Revisiting this thread as I haven't been in here for awhile. I'm still lusting after Bixa's gorgeous specimen in Post # 108. And,I had not until now,seen the additional Passifloras posted by Tod 2. Simply gorgeous, I must seek out some more of these gems to plant on my fences,trellis. I just adore them. They do quite well here.
I am seriously mourning the fact that I did not,was not able to plant any sweet peas in the appropriate weeks/months this past autumn as I was away. This will be the first time I haven't had sweet peas in well over 30 years. It's killing me.Perhaps there are some volunteers out back,I need to check closely this weekend and coach/cheer them along if there are.
Here is a vine,albeit,by no means mature enough at this point to win any raves for performance,but,one of the lovely noninvasive specimens of honeysuckle,Lonicera sempervirens,Sulpherea There is also a lovely more common coral hued variety of this vine. The hummingbirds love it!! With minimal coaxing this vine will gracefully cover this fence (at a client's garden this photo was taken) and perform almost year round, here, anyway.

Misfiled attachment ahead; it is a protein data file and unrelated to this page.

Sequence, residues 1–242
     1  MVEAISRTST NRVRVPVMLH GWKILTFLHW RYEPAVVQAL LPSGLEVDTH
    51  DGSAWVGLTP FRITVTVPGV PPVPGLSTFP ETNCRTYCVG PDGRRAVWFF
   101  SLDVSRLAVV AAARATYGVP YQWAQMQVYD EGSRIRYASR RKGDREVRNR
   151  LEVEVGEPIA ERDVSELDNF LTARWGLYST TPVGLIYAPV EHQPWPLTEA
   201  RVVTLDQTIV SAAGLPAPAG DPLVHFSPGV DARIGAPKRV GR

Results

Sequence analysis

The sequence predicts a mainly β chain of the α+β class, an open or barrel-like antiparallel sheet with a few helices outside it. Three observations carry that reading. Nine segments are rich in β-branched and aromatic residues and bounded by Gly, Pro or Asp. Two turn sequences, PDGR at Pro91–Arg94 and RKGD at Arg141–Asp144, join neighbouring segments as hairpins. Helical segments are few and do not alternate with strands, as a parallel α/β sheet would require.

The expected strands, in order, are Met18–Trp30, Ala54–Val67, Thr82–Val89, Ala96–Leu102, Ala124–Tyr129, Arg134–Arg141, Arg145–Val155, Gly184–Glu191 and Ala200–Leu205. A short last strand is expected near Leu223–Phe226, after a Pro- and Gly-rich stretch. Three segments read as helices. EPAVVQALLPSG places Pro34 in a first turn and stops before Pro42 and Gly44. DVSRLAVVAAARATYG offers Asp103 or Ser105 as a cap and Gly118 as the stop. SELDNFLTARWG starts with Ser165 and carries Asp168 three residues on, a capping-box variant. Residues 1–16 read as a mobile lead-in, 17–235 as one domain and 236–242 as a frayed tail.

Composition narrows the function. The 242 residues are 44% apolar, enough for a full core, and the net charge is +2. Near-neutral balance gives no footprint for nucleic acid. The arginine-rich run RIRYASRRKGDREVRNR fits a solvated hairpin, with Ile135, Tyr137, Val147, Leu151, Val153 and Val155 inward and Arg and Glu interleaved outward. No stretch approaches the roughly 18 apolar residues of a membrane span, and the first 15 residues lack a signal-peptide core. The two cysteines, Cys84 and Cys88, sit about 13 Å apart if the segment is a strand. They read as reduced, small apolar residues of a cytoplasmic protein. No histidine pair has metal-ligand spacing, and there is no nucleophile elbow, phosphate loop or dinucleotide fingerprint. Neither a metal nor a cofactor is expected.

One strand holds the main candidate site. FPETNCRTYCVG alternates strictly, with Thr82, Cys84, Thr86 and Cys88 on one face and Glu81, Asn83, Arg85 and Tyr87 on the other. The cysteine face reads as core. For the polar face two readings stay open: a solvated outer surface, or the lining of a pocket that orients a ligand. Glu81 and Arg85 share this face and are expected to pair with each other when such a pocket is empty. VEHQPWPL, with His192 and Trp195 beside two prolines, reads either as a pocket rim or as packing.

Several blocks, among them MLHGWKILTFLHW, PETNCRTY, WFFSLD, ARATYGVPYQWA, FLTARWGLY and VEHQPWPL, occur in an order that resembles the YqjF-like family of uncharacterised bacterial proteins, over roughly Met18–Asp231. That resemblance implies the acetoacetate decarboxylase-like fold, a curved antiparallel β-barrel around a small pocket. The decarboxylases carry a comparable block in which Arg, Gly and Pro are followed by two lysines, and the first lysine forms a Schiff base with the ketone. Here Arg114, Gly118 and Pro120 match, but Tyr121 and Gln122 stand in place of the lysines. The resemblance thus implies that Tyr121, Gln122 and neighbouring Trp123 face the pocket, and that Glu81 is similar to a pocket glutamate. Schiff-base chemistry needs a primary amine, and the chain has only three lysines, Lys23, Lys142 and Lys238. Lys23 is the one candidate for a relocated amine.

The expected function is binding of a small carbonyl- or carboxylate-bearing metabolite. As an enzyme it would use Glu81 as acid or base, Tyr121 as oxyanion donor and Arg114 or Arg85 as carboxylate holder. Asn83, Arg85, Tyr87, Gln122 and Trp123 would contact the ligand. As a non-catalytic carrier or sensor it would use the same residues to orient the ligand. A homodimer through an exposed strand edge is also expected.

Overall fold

Took these photos this afternoon of our Zimbabwe creeper. Mostly leaves but here and there a vine with beautiful pink trumpet-like flowers. It is extremely hard to get rid of and spreads itself underground coming up in new shoots. Covers a fence very well but looses it's leaves in winter.
Is there a law preventing you from planting sweet peas late to see what will happen?